As Victoria’s population boomed, residents went bust

In this week’s State Budget speech, Treasurer Tim Pallas suggested Victoria was the nation’s economic powerhouse lead-up to the COVID-19 pandemic:

Speaker, under this Government, Victoria began 2020 as a national leader in jobs growth.

Half a million more Victorians had found work since we were elected in November 2014.

Our economy had grown by 18 per cent – or around $67 billion dollars in real terms.

As MB has argued repeatedly, Victoria’s supposed economic out-performance has been driven by the state’s extreme population growth, which has easily led the nation over the past 11 years:

This rabid population growth created all manner of problems for Melbournians, from worsening congestion to deteriorating housing affordability. Importantly, it has also masked the poor performance of the Victorian economy.

The 2019-20 State Accounts, released by the ABS, highlights how Victorian’s material living standards have stagnated as the state’s population ballooned.

The first chart below shows that headline growth in Gross State Product (GSP) has been strong, growing by 36.2% since the Global Financial Crisis (GFC), per capita GSP has flatlined, growing by just 2.2% over that entire 12 year period:

The situation is so bad that Victoria has experienced the weakest growth in per capita GSP in the nation since the Global Financial Crisis (GFC) hit 12 years ago:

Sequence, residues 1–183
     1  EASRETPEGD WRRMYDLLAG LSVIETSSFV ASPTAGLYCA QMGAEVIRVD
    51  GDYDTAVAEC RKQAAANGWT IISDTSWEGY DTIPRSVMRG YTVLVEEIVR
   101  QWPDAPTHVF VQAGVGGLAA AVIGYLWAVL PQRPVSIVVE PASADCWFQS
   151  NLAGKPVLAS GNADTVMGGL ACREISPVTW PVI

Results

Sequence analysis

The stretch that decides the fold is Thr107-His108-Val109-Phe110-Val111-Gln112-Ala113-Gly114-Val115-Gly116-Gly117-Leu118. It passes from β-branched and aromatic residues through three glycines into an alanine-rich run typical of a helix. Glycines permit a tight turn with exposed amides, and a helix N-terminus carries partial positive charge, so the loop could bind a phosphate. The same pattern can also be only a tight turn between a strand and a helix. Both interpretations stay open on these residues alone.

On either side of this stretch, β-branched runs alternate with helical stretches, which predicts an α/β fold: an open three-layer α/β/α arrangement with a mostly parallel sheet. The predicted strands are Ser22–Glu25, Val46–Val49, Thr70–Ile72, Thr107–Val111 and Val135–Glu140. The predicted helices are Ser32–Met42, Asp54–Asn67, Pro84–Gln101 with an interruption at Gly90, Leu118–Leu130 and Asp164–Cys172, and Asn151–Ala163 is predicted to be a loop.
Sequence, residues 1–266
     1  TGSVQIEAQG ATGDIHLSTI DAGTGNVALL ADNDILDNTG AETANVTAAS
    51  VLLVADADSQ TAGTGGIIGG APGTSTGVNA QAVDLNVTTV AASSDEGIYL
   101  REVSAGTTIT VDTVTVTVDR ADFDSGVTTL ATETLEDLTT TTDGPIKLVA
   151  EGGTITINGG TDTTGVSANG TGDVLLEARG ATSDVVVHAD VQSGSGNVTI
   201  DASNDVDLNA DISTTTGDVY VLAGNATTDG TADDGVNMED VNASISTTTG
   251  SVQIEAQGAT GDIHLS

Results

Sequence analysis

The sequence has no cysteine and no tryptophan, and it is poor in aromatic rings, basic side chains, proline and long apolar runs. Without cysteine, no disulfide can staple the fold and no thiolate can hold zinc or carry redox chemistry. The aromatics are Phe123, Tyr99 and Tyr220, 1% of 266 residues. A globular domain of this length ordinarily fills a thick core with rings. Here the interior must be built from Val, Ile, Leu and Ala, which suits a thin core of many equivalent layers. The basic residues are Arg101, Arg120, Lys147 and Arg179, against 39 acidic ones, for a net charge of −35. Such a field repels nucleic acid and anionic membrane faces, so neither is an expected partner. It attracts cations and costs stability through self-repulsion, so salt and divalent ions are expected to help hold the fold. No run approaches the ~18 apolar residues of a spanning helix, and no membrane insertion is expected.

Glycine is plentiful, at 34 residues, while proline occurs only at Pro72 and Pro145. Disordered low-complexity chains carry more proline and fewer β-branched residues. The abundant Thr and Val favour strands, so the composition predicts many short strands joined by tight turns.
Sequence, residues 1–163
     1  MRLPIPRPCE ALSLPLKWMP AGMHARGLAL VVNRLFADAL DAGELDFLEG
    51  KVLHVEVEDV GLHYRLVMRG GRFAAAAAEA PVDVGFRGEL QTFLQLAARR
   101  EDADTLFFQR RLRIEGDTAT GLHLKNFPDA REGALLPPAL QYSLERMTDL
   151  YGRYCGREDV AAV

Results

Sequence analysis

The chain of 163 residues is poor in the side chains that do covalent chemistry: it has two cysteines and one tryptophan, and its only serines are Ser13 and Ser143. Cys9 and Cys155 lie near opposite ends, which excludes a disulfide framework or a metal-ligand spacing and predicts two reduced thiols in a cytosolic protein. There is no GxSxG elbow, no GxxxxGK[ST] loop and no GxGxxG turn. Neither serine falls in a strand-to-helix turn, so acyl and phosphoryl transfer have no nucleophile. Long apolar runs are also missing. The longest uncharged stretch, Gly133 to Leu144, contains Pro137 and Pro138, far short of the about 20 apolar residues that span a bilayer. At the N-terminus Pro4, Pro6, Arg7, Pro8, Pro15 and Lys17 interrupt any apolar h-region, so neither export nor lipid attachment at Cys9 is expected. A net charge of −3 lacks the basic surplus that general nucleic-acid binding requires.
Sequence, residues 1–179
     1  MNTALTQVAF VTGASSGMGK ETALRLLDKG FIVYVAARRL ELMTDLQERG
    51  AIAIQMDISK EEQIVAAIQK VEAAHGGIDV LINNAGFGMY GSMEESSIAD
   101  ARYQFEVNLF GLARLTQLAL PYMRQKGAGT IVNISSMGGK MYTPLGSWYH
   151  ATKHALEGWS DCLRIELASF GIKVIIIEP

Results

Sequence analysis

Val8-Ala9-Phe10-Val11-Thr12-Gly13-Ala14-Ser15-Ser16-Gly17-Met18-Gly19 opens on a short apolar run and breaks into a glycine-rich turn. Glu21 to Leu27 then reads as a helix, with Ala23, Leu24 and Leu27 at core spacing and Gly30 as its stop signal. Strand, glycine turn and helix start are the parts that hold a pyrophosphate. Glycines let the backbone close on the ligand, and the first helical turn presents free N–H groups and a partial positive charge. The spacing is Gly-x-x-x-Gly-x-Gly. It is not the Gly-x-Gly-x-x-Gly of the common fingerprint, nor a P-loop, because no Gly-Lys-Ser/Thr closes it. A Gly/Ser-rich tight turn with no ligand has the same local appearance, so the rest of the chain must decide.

Victoria has also experienced the weakest growth in Gross State Income per Capita since the GFC:

Whereas Victoria’s Gross Household Disposable Income per capita was the second lowest in the nation as at 30 June 2020:

What should become abundantly clear from the above charts is that Victoria has run a ponzi economy based on endless population growth (immigration), which in turn has juiced its services industries (think cafes, universities and financial services) and the housing construction industry (see next chart).

But Victoria’s ponzi growth model is like a dog chasing its tail: as soon as the population growth stops, so does the growth in services/construction that it creates, raising a big question mark over the sustainability of the state’s economy.

Further evidence of this false economy is found in Victoria’s trade performance. Exports have recorded slow growth over the past 17 years, whereas imports have more than doubled. Accordingly, the state’s trade deficit has blown out to a whopping $49.2 billion in the year to June 2020:

Basically, all of the extra people that flooded into Victoria (Melbourne) massively increasing imports (think flat screen TVs, imported cars, etc.), but did little to boost exports. All of these imports need to be paid for: either by accumulating foreign debt or by selling-off public assets. Victoria has been doing both, as well as sucking financial resources from the mining states.

In short, Victoria (read Melbourne) has operated a ponzi economy that grew for growth’s sake via mass immigration and debt accumulation. This crush-loaded everything, reducing the living standards of incumbent residents via rising congestion, reduced amenity, and deteriorating housing affordability.

With immigration gone for the foreseeable future, how will the Victorian Government create an economy that is based on genuine and sustainable growth, which actually improves the living standards of the resident population?

Unconventional Economist
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